by: Adriana Valdiviezo
In the article, “Second Thoughts of an Animal Researcher” by John P. Gluck on The New York Times website posted September 2, 2016, he talks about what it is like to be a scientist who is involved with animal testing on the daily basis. John reveals where his mindset was as a graduate student and how his mentality developed on the subject over the years. He told himself that the animals, in this case monkeys were fine. They had all the right essentials food, water, clean cages, good caretakers and even a veterinarian. He believed that was enough to tip the scales and the fact that the pain the monkeys felt was “momentary”. The results would be “worth it” in the long run for him and his fellow colleagues’ ongoing education. He made himself comfortable with the concept that the monkeys were his research partners instead of innocent animals they were just using as experiments. As he started to get older, he starts to slowly recognize what was really going on. He started having a harder time to weigh out the pain in the animals and the results in his work. He later explains that animal testing is wrong and tells the ethical principle other scientists make about animal testing.
Gluck efficiently uses the rhetorical persuasion of ethos and pathos, to convince his readers that animal testing is overlooked and inhumane. The approach he takes through ethos, is using his credibility as a scientist who has had experience in precisely this study. John mentions “I comforted myself with the idea that these monkeys were my research partners”. He was seeing his experiments as data just like any other scientific researcher would, to get farther and to overlook what was truly going on around him. Furthermore, he adds on an alternative pretext “If you are ethically prevented from conducting a particular experiment with humans because of the pain and risk involved, the use of animals is warranted” as a self-justification for himself and many other scientists. Self-justification is where an individual behaves a certain way that contradicts their moral principles and is inclined to condone and suppress any criticism related to the misconduct. Therefore asserting that in his field of work that’s the excuses they give themselves, to justify their actions done on the monkeys in the lab. The next approach he took to entice the audience for his article was pathos, he writes about how he started to perceive the reality of how the animals were in fact being treated and was no longer nonchalant about it. John Gluck states “It became harder and harder for me to argue that the importance of my work always outweighed the pain I caused in doing it”. His views on the topic had been affected by everything he had been witnessing and experiencing and could no longer see things as a researcher but as a person with ethics. Another comment that clarify how his perspective had changed was “No matter what honorable ends you tell yourself you have in sight, if you’re finding yourself having to bowdlerize the description of your work, you are in a morally perilous place and should urgently reconsider what you’re doing.” This citation is stating that if an individual has to censor the details of the workplace where he or she works at and is not proud of what they do then perhaps that person should stop and reevaluate what they are doing and what they would be proud of doing.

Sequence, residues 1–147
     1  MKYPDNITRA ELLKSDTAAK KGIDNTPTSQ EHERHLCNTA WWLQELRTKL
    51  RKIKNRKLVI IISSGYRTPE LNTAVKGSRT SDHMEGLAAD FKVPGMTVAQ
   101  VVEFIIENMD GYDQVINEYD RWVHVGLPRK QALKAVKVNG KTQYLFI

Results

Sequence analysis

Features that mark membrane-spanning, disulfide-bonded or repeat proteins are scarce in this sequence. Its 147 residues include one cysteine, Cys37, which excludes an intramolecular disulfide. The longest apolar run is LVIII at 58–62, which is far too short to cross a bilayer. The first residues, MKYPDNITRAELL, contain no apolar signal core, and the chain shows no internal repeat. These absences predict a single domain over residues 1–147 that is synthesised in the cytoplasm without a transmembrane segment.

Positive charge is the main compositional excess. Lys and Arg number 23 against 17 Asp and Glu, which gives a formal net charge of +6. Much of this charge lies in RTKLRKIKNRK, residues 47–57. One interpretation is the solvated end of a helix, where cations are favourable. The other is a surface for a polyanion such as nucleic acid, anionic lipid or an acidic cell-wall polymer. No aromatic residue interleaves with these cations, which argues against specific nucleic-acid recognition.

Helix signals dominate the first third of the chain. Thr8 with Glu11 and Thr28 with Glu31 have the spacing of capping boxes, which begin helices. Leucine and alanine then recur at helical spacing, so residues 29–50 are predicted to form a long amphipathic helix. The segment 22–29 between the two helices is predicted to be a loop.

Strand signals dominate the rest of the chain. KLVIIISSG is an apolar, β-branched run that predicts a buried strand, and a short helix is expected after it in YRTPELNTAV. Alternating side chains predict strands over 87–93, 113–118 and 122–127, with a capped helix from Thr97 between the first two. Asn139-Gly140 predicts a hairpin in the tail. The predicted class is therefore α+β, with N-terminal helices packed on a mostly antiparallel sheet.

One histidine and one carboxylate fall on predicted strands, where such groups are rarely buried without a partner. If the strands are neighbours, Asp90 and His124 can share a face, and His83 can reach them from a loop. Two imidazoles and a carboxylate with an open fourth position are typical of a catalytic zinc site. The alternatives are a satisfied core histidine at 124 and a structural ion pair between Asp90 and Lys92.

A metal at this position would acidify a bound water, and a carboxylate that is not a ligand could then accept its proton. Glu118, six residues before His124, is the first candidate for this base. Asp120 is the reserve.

In conclusion, this article was written by someone who has had a different perspective early on but then contradicts his beliefs. He starts off his article with the appeal of ethos and the credibility of him being a researcher. He then changes off into the appeal of pathos, where he tells us stories and the experiences he has had within his life with animal testing. To being a professional and having the mindset of a researcher, to contemplating the circumstances, and to gaining the mentality of someone who knows the difference between right or wrong. In the ending of this article he mentions how there is a blank for humans and how the N.I.H should make one for the animals that have the same rights as humans do. “There is no research more valuable than our own integrity and ethical coherence, and our treatment of animals is a direct reflection of our values toward life and one another”. If we’re mistreating animals, then what does that say about our morals towards existence and everything else?